A potential client contacted me last week with questions about Patient Power.  I could hear how difficult it was for her to talk and guessed that she really needed someone to hear her story.  I simply asked her how I might be able to be of service.  With that, she began to cry.

She spoke of some long standing feelings of not wanting to live anymore, that she felt squeezed in every direction by relationships that were demanding and no longer fulfilling, financial constraints, a budding business that seemed like a great idea and also bore no financial fruits, and how for years and years she had tried to re-kindle her zest for life amidst chronic pain that had no diagnosis.

My armchair diagnosis, remembering I am not a doctor, was that she was both depressed and anxious.   I kept those labels of depression and anxiety to myself.   Instead, I continued to let her expound on her story because I could see it had been a long time since she felt truly listened to.  It was an honor that she chose to call me.  She said she’d read my blogs and felt like I may be someone who could understand what it was like to be her.

Digressing a moment for my personal views on depression. . . ..

Depression, and its cousin anxiety are illnesses  that no one likes to acknowledge. They don’t have a clear start and end date:  it’s not like a broken leg when your leg gets out of the cast and then, though you may hobble, you can walk more normally.  They often sneak in through the back door – we don’t know what or why or who tipped the scales. 

Yet, for those of us who are prone to it, we somehow find ourselves in the company of these smug companions who slowly stealthily steal the life out of us. It’s often not a one time event but like an Achilles heel it is something we are susceptible to over and over again.

It’s usually not a dramatic downward shift.  It’s the little things that often feel like they take more effort to accomplish.  It’s that existential question of “how did my life end up like this” or “why can’t I get over this already”?  Its questions that have no answers, and answer that don’t make sense to us anymore.

What motivated us at one time no longer does – the relationships we once held dear are all up for grabs though we may in fact still feel very responsible to uphold our end of the bargain.  We may find ourselves more tired, going from one thing to another feeling rather unfocused, or in general feeling like our get up and go got up and went.

When a physical illness occurs, there is often a grace period given by society, friends and family where you get a chance to adjust to it.

Depression and anxiety don’t have a grace period when it comes to other people – they have a finite shelf life.   The rule is get over it, do the things that help, exercise, find a routine for yourself that works, and keep yourself busy so you can’t think too much.  Don’t forget to get your hair done, pick up the kids, keep up with the laundry, and hold it together at work.

And for God’s sake, help yourself because other’s need you to be available for them.    Society has a lot of rules for pretending that something isn’t happening.

Back to my potential client now:  Her true gift was in her willingness to acknowledge what was happening to her. What we acknowledge, we can begin to take the first steps to deal with.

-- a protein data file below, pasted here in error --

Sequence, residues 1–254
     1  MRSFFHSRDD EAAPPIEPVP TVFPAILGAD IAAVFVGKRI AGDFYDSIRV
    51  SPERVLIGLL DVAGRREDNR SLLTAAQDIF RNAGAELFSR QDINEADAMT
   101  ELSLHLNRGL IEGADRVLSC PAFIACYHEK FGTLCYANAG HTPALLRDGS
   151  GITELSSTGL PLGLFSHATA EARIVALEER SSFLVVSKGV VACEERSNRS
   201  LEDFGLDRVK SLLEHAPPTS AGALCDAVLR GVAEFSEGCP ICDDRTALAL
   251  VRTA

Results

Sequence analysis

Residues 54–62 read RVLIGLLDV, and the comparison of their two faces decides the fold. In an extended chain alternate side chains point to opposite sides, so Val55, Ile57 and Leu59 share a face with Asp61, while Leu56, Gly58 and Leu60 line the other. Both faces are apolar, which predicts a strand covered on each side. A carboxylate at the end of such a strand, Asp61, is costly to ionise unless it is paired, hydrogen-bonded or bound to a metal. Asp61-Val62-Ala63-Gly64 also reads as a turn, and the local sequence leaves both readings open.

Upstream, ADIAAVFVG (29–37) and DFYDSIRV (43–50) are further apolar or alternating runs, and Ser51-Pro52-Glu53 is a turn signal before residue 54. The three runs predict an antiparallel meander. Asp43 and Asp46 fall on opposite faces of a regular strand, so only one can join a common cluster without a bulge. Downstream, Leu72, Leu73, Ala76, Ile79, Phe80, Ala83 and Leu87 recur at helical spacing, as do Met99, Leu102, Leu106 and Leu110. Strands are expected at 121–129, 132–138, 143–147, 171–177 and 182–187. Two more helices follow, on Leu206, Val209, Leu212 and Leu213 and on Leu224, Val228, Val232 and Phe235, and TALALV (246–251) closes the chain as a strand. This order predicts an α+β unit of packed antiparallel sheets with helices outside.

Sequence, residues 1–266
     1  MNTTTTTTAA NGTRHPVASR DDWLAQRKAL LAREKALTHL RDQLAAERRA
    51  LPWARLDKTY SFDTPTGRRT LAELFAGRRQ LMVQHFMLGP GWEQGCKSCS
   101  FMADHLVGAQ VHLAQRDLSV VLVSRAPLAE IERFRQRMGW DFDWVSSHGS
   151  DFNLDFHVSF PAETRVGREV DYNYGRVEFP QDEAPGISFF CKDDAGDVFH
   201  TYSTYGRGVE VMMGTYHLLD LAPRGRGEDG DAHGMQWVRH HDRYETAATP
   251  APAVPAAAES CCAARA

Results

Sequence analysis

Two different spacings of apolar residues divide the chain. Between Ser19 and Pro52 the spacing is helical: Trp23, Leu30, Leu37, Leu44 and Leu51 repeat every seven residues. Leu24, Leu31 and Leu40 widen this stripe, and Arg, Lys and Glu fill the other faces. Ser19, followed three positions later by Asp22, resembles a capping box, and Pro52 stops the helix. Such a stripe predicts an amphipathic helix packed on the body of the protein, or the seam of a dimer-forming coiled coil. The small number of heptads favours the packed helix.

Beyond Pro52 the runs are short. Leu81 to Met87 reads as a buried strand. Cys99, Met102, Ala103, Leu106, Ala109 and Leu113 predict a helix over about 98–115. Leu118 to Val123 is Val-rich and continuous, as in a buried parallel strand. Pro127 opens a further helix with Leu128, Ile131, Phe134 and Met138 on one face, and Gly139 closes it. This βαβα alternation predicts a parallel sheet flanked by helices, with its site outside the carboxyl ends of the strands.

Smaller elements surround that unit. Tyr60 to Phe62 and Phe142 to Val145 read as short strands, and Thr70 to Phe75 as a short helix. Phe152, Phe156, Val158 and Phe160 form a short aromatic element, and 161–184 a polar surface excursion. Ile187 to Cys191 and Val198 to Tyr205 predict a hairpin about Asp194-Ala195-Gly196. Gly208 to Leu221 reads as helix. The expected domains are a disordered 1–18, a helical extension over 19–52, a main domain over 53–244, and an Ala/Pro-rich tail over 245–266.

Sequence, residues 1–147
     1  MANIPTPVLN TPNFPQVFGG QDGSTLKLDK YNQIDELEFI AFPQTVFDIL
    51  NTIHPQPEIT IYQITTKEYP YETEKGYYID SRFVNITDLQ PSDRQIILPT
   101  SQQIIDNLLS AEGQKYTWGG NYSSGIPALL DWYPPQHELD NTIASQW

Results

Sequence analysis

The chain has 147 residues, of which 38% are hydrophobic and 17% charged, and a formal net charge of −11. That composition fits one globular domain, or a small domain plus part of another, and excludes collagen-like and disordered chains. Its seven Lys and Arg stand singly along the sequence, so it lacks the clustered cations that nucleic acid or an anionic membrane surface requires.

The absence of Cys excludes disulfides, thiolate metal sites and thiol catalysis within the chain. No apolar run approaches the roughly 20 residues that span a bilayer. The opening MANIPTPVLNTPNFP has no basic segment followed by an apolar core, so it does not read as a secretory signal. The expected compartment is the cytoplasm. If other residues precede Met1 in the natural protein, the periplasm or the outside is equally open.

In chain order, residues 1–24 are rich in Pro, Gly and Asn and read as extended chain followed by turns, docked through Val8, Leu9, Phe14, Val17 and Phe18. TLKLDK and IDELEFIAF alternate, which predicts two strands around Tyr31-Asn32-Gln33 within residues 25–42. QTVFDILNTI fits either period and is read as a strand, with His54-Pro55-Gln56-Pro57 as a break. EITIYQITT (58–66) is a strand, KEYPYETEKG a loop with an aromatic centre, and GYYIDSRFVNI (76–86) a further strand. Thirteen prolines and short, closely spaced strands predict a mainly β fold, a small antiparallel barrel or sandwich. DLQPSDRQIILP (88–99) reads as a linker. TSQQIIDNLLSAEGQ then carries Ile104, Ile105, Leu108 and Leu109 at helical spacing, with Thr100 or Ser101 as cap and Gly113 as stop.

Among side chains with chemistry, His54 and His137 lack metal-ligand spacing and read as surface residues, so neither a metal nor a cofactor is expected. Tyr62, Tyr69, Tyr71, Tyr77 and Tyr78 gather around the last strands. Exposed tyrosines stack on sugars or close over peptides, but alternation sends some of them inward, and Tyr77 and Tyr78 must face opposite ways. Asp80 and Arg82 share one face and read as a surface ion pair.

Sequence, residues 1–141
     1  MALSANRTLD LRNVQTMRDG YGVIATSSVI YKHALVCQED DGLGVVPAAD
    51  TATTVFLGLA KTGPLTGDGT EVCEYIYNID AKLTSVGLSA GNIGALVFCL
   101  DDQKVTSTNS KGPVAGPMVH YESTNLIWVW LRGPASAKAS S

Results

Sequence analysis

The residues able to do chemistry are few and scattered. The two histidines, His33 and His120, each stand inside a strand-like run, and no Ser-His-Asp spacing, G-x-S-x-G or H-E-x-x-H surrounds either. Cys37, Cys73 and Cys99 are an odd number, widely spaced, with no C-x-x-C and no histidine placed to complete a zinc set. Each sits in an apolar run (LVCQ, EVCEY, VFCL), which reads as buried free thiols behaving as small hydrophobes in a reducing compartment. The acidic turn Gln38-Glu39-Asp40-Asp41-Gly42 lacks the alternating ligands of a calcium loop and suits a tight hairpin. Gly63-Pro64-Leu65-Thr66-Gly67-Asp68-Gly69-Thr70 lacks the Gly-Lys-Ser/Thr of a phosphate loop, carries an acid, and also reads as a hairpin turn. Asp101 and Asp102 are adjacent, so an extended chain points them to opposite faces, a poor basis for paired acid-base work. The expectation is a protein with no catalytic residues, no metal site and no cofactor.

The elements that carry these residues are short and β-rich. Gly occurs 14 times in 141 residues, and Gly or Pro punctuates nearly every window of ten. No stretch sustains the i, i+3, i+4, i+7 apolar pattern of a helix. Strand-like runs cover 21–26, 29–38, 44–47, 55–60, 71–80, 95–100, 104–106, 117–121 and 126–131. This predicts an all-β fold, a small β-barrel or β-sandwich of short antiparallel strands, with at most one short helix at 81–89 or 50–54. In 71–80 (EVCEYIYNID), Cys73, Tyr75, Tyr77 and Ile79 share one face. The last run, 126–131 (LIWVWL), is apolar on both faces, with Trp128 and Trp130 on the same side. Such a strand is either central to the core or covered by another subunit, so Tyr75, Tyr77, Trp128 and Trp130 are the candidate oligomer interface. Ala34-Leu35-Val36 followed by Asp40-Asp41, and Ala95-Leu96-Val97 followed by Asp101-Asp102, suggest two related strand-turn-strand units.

I didn’t have a simple solution for this potential client either.

What I did share with her is that communicating clearly helps.  I assured her that by buying Patient Power (which she chose to do) she would not have a magic answer to how to pick her life up off the floor and create a life that felt meaningful and fulfilling again.  She wouldn’t find solutions to her issues in Patient Power.

The beauty of the Patient Power is it is a resource guide to help you ask the questions of yourself and your dedicated healthcare provider to find the answers that are most appropriate for your needs.

Used over time, it is likely to help you make the informed healthcare choices that are so integral to your psychological well being.

I look at Patient Power as a book of mindful questions to help you gently and consciously look at what’s happening in your life, express it clearly and hopefully find an experienced healthcare provider who realizes they are privileged to have an opportunity to help you when it’s so hard to help yourself.

If my work helps one person bridge that gap between talking about their needs and hearing what their provider’s recommendations clearly – that would exceed my wildest dreams of success.  The next step, of course, is seeing whether what that provider is suggesting is truly a match for you.

We are a society of individuals.  At one time or another, each of us will find ourselves grappling with issues that feel insurmountable.  We’ll feel helpless and alone – even when we don’t want to admit it.  We won’t know where to turn despite how we may pretend otherwise.

Patient Power is designed to help you take your power back with the help of someone who knows more than you do in the area that you’re struggling.

My prayer is that life blesses all my readers with good health – both mentally and physically.

And, in those human moments that we all face when life seems hard to handle, my hope is that you consider Patient Power as a first step to getting reliable help from someone trustworthy to enjoy your life in ways that feel truly meaningful and hopeful.

One Response to “Depression Case Study: Patient Power At Work”

Trackbacks/Pingbacks

  1. Tweets that mention The First Step » Blog Archive » Depression Case Study: Patient Power At Work -- Topsy.com

Please leave a comment!


6 × one =